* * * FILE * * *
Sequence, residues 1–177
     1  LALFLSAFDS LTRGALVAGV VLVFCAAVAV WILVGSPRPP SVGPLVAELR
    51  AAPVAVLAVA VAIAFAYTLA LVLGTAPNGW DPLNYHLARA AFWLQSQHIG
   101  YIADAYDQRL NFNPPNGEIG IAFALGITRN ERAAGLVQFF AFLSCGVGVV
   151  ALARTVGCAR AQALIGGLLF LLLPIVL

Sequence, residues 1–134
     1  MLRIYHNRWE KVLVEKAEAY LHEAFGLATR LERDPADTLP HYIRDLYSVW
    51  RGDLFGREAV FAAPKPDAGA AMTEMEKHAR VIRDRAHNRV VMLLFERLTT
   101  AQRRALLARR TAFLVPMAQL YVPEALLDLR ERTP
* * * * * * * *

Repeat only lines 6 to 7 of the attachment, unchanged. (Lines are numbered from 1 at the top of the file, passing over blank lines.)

Sequence, residues 1–134
     1  MLRIYHNRWE KVLVEKAEAY LHEAFGLATR LERDPADTLP HYIRDLYSVW